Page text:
Russia’s public seeks reconsideration of controversial anti-piracy law
14 Aug '13
The new Russian law enabling copyright holders to have infringing Internet content blocked in court came into effect earlier this month, but public initiatives may make the legislators reconsider.
Anti-piracy law: Internet sector furious, analysts divided
The new Russian legislation intended to stop online piracy came into effect on August 1. A long-awaited victory for copyright holders, the law facilitates the prosecution of website owners violating intellectual property rights and enables courts to issue warrants to block websites that violate copyright laws if illegal content is not removed within 24 hours.
As East-West Digital News, the international resource on Russian digital industries, reported last week, the legislation currently only applies to video content, but the lawmakers may consider extending its provisions to music later this year.
Some of the country’s leading Internet players sharply criticized the bill long before it was signed into law, trying in vain to persuade the legislators to consider rewording it.
The controversial law has even sparked rallies staged in late July across Russia’s regions that called for an ‘online strike.’
Anticipating the imminent passage of the bill, the Russian Association for Electronic Communications (RAEC) launched RuTakeDown, a special website to assist Internet players in navigating the phraseological cobwebs of the new law and in protecting their rights in court.
With the law in full force, now it’s the copyright holders’ turn to take action. Oblivious to the law’s focus on video content, the Prospect Publishing House demanded earlier in August that MTS, a leading telecom operator, block access to an online version of a book. To support its claim, the publishing house referred to MTS as an “information mediator” responsible for the alleged violation.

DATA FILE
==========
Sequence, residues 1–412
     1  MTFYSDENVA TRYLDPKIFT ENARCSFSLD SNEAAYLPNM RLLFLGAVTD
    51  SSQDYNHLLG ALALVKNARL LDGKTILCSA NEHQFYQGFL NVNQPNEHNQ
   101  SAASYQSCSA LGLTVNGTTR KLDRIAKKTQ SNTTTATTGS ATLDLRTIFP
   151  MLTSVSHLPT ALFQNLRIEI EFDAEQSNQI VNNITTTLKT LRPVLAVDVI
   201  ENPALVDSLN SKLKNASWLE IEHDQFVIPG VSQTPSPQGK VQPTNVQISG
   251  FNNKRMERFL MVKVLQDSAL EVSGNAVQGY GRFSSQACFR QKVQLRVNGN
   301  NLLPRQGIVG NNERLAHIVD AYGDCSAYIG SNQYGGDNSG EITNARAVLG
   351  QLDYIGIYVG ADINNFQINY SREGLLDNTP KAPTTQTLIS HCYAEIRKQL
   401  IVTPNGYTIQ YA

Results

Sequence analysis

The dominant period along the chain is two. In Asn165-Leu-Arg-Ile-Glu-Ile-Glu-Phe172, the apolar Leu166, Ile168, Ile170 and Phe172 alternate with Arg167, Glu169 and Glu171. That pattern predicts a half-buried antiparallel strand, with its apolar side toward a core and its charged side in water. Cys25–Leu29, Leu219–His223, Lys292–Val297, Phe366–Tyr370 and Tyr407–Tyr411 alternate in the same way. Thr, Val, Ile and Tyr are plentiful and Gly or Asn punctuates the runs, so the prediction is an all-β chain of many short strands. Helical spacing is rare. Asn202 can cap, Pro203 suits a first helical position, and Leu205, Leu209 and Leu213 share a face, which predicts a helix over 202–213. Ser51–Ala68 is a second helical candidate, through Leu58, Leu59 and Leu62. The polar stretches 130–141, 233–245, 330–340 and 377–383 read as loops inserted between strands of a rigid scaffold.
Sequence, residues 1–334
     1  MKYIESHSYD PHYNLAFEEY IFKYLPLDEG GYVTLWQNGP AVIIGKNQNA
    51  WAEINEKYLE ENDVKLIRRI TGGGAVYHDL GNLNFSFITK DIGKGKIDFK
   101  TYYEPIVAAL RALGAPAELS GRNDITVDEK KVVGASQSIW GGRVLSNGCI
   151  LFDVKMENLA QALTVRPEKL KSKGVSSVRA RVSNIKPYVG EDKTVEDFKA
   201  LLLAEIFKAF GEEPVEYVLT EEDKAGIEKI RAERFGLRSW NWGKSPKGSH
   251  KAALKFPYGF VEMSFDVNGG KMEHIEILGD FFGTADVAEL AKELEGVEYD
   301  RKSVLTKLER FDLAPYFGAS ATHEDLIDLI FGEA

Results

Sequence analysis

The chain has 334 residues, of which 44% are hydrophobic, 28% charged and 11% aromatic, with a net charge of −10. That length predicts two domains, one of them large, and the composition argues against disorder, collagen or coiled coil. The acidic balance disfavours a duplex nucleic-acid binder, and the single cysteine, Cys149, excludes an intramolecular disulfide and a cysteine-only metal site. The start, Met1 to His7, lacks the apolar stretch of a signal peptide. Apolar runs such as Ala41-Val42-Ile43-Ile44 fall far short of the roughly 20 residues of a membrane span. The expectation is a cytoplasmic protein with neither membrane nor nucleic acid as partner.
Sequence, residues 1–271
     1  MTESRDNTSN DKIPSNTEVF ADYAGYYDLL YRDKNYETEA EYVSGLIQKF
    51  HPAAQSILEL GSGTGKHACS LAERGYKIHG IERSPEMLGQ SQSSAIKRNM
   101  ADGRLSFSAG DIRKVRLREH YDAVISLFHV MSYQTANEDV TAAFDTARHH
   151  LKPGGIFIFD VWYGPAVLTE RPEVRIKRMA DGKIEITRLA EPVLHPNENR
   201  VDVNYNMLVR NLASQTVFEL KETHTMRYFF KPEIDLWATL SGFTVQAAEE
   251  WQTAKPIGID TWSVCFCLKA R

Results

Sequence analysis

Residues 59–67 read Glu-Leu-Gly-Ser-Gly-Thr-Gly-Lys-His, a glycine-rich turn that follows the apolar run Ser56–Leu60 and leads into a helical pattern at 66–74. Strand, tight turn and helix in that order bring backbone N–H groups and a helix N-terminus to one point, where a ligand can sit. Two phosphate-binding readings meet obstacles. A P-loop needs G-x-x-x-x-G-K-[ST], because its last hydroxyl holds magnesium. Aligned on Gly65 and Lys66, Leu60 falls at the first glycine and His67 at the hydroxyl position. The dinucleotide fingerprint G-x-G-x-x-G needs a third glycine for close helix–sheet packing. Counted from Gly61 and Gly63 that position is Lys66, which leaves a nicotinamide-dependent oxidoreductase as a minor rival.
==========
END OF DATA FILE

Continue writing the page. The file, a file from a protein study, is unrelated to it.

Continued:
However, the key target for copyright holders fury is Vkontakte (VK.com), Russia’s largest social network and a global hotbed of piracy, according to the US Trade Representative. On August 1, the very day the law came into effect, Movies Without Borders, a Russo-Swedish distribution company, filed a lawsuit with the Moscow City Court, accusing VK.com of violating its copyright for five new movies.
Aware of its reputation and under pressure from copyright holders, Vkontakte has not been idle over the past months. Bracing itself for the likely fallout of the new legislation, the social network was reported in late June to be deleting litigious multimedia content. A spokesman for the company dismissed reports on indiscriminate deleting later on but pointed out that Vkontakte would remove files “following legitimate complaints from copyright holders.”
With the clear understanding that the new law would eventually cover music as well, Pavel Durov, the CEO and co-founder of VK.com, leaked to the press his plans to “legalize” the network by entering direct talks with major international record labels, including Sony Music, Warner Music, and Universal Music. If they agree, Vkontakte may hope to steer clear of new litigations. The company already has battled Gala Records, Russia’s first private record, for the past two years over copyright violations.
Anastasia Kuznetsova and Alexandra Chekareva, St. Petersburg-based Ernst & Young lawyers, believe the law was adopted too rashly. In their opinion, dangerously limiting Internet users’ right to access information is a likely ramification of the legislation.
“We can only hope that upholding the rights of one group under the new law will not compromise the rights of another group, and that law enforcers will demonstrate enough wisdom and legal literacy to make amends for the haste of the lawmakers,” the EY lawyers told East-West Digital News.
Google, apparently skeptical of the new Russian legislation, suggested two weeks ago that Russia borrow the American anti-piracy procedures, which enable copyright holders who seek to protect their content to directly settle disputes with Internet companies.
An imminent reversal?
There’s a strong likelihood now that the current version of the law might be canceled and reworded.
The Russian Public Initiative website, a special online platform that the Russian Government has launched to heed the vox populi (public opinion), now has 100,000 votes demanding that the document be further worked on with sector experts involved.
Andrei Tumanov, a Russian State Duma lawmaker representing the Fair Russia party, doesn’t believe the current law will ever work, Russian news agency ITAR-TASS reported earlier this week.
“When a law is adopted by non-specialists, and the legislators pass it without much knowing what it’s all about, it’s very bad. I agree that laws should be prepared by pertinent professional communities,” Mr. Tumanov said.
The 100,000 votes were cast for just about a month. Now, according to the Russian law, the current anti-piracy legislation must be subject to thorough reconsideration by a federal expert group.